Tutorials

Intro to Coroutines in Unity (C#)


 

In this demonstration, we'll be going over how Coroutines operate in Unity and how we can effectively use them in an application.

 

Concurrency

To understand how coroutines operate in Unity, it is essential to understand the concept of concurrency.

In the simplest form, concurrency is when two parts of a program operate at the same interval, but not at the same time. As an example, Unity runs Update() and LateUpdate() every frame draw. Although they both run at the same interval (every frame), LateUpdate always runs after Update during every frame.


Example Application

The following example showcases a component that reads user input without using Unity's Update method.

Additional information on how coroutines work with Unity can be found on Unity's official page for coroutines:

https://docs.unity3d.com/Manual/Coroutines.html

Intro to Multi-threading in Unity (C#)


 

In this demonstration, we'll be visualizing some of the basic concepts of multithreading and applying those concepts to make a simple comparison sequence.

 

Codeless Concepting

Although Unity technically uses multiple threads by itself, user-written code primarily runs on the same thread and for this exercise, that's what we're interested in. Let's call that thread the "Main" thread.

As shown at the top of Diagram 1, we'll be using up to 4 different threads during this demonstration, including the Main thread.

To measure how long any thread takes to complete an action, we will use arbitrary units of time ("time units"). Although how long an action takes is important when applying our concepts, using this abstract version of time is much easier to analyze and calculate with.

Some actions will have dependencies, these dependencies can be defined as actions that must complete before the current action can start.

Diagram 1: Empty Chart

Single-threaded Sequence

Before understanding when to efficiently apply multi-threaded systems, it's good to understand when not to use them. To do this, let's first define a sequence of actions (the "Action Sequence").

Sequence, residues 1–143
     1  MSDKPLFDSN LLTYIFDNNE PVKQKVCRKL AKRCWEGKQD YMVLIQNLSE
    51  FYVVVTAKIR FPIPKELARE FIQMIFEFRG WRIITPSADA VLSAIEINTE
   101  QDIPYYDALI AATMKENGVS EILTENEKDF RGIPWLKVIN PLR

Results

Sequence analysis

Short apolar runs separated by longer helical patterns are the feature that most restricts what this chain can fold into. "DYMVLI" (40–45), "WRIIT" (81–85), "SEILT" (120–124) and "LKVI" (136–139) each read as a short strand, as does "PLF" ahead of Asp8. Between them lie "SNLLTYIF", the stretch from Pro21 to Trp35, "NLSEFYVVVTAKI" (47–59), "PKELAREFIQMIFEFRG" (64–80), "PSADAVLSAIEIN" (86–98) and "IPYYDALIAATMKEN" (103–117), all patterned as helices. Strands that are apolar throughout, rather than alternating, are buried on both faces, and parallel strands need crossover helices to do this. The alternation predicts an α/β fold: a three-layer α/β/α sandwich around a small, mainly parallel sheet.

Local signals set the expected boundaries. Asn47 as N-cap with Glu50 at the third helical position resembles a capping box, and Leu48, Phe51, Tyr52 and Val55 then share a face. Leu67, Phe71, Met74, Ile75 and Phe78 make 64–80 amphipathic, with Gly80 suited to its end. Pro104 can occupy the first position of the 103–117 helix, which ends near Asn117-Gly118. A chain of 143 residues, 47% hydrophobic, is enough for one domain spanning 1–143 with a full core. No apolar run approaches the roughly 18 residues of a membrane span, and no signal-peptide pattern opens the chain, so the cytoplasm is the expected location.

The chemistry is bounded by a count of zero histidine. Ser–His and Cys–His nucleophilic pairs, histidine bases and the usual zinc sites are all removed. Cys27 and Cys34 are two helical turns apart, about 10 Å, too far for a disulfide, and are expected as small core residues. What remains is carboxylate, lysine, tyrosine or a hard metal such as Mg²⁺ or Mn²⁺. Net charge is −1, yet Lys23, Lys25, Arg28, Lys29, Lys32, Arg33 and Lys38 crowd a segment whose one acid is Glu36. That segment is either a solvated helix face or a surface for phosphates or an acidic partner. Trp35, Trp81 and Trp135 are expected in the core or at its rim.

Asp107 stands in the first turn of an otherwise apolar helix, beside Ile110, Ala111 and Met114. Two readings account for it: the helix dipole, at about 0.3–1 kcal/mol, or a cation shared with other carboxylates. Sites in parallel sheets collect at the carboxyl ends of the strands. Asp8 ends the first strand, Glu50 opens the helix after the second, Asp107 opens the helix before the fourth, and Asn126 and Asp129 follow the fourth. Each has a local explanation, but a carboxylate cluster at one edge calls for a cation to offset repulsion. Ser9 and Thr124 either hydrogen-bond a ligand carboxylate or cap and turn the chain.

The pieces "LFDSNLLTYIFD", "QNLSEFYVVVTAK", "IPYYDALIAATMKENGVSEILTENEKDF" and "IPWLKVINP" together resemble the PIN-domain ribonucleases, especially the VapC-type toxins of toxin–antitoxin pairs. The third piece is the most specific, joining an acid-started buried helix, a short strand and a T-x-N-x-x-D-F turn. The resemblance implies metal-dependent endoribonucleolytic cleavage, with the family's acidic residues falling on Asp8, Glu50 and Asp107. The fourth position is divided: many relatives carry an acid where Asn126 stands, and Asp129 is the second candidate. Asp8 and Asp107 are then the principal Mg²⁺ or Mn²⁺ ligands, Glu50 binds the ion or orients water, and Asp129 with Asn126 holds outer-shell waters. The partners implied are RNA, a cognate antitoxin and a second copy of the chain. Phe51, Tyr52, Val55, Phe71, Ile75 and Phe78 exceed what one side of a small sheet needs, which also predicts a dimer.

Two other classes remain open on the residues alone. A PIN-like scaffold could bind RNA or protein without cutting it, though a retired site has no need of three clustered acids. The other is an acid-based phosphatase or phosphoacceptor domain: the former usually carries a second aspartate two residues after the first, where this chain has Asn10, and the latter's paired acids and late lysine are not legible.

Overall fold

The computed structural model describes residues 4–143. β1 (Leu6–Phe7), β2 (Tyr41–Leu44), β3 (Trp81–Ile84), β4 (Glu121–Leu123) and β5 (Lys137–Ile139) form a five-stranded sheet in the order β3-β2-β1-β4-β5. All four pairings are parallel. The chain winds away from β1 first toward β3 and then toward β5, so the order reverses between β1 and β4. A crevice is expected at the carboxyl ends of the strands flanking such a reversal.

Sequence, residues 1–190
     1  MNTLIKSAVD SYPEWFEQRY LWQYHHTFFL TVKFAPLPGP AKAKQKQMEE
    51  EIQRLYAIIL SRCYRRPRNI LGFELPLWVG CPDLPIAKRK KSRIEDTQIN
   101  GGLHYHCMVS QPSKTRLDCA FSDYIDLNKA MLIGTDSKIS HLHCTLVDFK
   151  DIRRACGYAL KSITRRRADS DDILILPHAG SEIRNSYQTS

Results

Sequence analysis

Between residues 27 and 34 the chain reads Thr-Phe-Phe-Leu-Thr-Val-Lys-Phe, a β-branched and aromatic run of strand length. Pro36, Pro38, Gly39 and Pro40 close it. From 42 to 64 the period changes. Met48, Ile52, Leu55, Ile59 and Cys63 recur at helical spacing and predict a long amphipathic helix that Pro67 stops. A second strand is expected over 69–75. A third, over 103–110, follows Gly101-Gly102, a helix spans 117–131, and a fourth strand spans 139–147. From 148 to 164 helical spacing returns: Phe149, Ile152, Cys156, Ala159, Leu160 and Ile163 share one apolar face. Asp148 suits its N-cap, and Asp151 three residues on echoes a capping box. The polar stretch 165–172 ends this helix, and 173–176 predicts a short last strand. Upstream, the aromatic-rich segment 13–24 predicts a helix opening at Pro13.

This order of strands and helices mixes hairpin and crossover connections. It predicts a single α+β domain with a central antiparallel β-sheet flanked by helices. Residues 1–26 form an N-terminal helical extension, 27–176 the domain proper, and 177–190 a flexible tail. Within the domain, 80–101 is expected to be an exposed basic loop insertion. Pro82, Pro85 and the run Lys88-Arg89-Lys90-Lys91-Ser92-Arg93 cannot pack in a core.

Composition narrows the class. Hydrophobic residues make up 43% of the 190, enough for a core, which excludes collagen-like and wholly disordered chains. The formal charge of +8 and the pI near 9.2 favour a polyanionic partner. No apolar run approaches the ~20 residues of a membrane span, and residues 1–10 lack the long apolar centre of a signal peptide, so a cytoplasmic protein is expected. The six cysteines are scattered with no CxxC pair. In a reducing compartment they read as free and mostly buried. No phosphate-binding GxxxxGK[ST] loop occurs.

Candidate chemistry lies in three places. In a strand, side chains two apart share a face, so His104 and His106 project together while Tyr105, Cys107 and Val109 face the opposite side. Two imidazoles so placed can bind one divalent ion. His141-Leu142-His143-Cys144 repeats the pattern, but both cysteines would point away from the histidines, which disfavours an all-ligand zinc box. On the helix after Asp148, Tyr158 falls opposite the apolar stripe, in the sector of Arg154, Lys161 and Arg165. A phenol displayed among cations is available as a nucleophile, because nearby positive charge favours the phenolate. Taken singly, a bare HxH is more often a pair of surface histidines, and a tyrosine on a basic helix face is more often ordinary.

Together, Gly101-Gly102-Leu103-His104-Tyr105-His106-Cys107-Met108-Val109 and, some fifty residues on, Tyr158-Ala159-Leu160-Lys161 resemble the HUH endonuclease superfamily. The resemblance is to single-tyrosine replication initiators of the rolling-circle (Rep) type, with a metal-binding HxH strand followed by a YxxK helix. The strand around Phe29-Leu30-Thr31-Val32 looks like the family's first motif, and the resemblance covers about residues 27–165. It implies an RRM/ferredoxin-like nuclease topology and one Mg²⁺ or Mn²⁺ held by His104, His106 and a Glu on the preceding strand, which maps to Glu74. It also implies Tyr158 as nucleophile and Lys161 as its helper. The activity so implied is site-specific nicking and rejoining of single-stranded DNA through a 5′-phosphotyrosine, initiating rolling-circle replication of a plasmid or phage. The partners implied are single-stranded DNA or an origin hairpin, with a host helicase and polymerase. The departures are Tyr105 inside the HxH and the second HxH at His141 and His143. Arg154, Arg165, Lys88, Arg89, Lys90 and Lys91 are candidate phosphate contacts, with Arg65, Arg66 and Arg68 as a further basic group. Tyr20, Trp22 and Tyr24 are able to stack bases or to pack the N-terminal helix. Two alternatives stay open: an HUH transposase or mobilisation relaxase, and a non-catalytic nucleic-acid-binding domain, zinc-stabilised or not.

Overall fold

• Action 1 ("A1")

    • Time: 2 units
  • Action 2 ("A2")
    • Dependencies: A1
    • Time: 2 units
  • Action 3 ("A3")
    • Dependencies: A1, A2
    • Time: 1 unit

Diagram 2: Single-threading

As the Action Sequence suggests, A1 occupies the Main thread for 2 units of time. After A1 completes, Main then executes A2 for another 2 units of time. After both A1 and A2 have been completed, Main executes A3 for 1 unit of time. In situations like this - where each task is dependent on all tasks before - the sequence can only be performed as a single-threaded sequence. This is because the actions only have one possible order of sequencing, meaning that although you could perform them on multiple threads, efficiency would not increase.

Multi-threaded Sequence

Now let's see how we can do more work in the same amount of time.

  • Action 1 ("A1")
    • Time: 3 units
  • Action 2 ("A2")
    • Time: 2 units
  • Action 3 ("A3")
    • Dependencies: A1, A2
    • Time: 2 units

Diagram 3: Basic Multi-threading

Although the total time of the sequence is 7 units, it only takes 5 units to complete. This is because A1 and A2 are able to run in parallel (at the same time) due to neither of them being dependent on each other. 


Example Application

Now let's apply those concepts of basic multi-threading into a simple example using Unity syntax.

  • Action 1 ("A1")

    • Goal: Add 100 to the first counter
  • Action 2 ("A2")
    • Goal: Add 100 to the second counter
  • Action 3 ("A3")
    • Dependencies: A1, A2
    • Goal: Check if counter one and counter two are equal

For simplicity's sake, we'll be using an Action Sequence similar to the "Basic Multi-threading" example shown above.

Since we're using Unity, we'll be starting at the beginning of the Start() function (Line 11). First things first, we're going to create the second thread ("T2") and tell it what action it'll be performing when it starts (in this case, A2). We then tell T2 to start working. 

It may seem a bit odd to start A2 before A1, but there's a good reason behind this. When you create additional threads (T2 in this case) you should make sure the other threads are able to start working as soon as possible; It's like telling everyone else to start on their work so you can get your own work done too.

Now that T2 has gotten to work, let's get to work on the Main thread. We tell the Main thread - which can also be thought of as the default thread - to perform A1 while Thread #2 is performing A2. 

What's just been done demonstrates the core idea of parallelism we've been touching on throughout the exercise: We've got two threads, running in parallel, performing two different tasks at the same time.

Because A3 is reliant on both A1 and A2 to have been completed we need a way of making sure both of those are done. Once Main has finished A1, we tell it to Join() (i.e., "wait for") our second thread.

If you call Join() on a thread that is already done with its work, Join() may seemingly appear to do nothing. On the contrary, it has already finished with its waiting as there is simply nothing to wait on.

A3 now executes on the Main thread and the rest is rather straightforward from there; The action sequence is now finished and has successfully ran using multi-threading.